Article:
The marine sediment-water interface is an important location for microbially controlled nutrient and gas exchange processes. While microbial distributions on the sediment side of the interface are well established in many locations, the distributions of microbes on the water side of the interface are less well known. Here, we measured that distribution for marine virio- and bacterioplankton with a new two-dimensional technique. Our results revealed higher heterogeneity in sediment-water interface biomass distributions than previously reported with a greater than 45– and 2500-fold change cm−1 found within bacterial and viral subpopulations compared to previous maxima of 1.5- and 1.4-fold cm−1 in bacteria and viruses in the same environments. The 45-fold and 2500-fold changes were due to patches of elevated and patches of reduced viral and bacterial abundance. The bacterial and viral hotspots were found over single and multiple sample points and the two groups often coincided whilst the coldspots only occurred over single sample points and the bacterial and viral abundances showed no correlation. The total mean abundances of viruses strongly correlated with bacteria (r = 0.90, p<0.0001, n = 12) for all three microplates (n = 1350). Spatial autocorrelation analysis via Moran’s I and Geary’s C revealed non-random distributions in bacterial subpopulations and random distributions in viral subpopulations. The variable distributions of viral and bacterial abundance over centimetre-scale distances suggest that competition and the likelihood of viral infection are higher in the small volumes important for individual cell encounters than bulk measurements indicate. We conclude that large scale measurements are not an accurate measurement of the conditions under which microbial dynamics exist. The high variability we report indicates that few microbes experience the ‘average’ concentrations that are frequently measured.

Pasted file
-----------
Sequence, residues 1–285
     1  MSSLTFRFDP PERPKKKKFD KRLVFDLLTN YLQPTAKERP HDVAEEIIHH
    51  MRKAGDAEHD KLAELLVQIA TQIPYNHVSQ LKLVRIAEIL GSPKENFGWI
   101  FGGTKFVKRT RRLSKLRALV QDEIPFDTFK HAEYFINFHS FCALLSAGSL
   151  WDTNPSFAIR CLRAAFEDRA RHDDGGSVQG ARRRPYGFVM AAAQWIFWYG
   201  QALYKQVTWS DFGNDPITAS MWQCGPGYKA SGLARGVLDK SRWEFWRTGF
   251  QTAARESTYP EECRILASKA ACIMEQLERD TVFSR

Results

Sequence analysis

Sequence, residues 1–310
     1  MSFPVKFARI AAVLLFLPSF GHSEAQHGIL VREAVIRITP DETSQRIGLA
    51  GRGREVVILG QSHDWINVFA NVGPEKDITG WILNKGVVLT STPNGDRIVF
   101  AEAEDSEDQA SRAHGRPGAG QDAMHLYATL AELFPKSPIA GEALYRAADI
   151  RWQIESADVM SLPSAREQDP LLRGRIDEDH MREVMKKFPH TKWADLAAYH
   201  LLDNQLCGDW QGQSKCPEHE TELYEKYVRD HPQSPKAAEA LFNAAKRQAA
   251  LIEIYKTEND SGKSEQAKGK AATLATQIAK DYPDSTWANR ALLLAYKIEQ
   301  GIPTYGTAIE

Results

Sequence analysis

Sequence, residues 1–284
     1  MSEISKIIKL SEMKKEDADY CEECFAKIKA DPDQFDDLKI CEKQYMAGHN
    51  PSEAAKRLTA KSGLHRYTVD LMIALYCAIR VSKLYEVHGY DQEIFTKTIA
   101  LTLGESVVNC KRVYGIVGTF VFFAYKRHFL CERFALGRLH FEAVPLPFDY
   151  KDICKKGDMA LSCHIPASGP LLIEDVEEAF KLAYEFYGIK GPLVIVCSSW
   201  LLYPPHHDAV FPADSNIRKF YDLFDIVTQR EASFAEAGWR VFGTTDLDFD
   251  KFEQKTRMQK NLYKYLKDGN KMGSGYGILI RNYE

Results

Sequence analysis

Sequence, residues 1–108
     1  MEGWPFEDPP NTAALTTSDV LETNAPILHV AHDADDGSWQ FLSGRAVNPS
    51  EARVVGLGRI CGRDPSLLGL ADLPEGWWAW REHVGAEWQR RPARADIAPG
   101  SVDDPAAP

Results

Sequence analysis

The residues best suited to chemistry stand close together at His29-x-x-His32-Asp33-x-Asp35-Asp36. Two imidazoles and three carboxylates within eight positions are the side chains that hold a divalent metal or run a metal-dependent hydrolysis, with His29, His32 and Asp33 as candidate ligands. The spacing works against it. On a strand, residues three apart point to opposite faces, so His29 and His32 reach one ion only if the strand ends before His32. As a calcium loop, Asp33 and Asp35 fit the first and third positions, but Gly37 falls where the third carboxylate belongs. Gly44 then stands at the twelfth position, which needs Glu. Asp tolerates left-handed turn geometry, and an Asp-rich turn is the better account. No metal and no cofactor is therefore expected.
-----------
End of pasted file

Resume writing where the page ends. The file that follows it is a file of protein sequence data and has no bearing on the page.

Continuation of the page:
Citation: Dann LM, Mitchell JG, Speck PG, Newton K, Jeffries T, Paterson J (2014) Virio- and Bacterioplankton Microscale Distributions at the Sediment-Water Interface. PLoS ONE 9(7): e102805. https://doi.org/10.1371/journal.pone.0102805
Editor: A. M. Ibekwe, U. S. Salinity Lab, United States of America
Received: March 12, 2014; Accepted: June 24, 2014; Published: July 24, 2014
Copyright: © 2014 Dann et al. This is an open-access article distributed under the terms of the Creative Commons Attribution License, which permits unrestricted use, distribution, and reproduction in any medium, provided the original author and source are credited.
Data Availability: The authors confirm that all data underlying the findings are fully available without restriction. All data are included within the paper.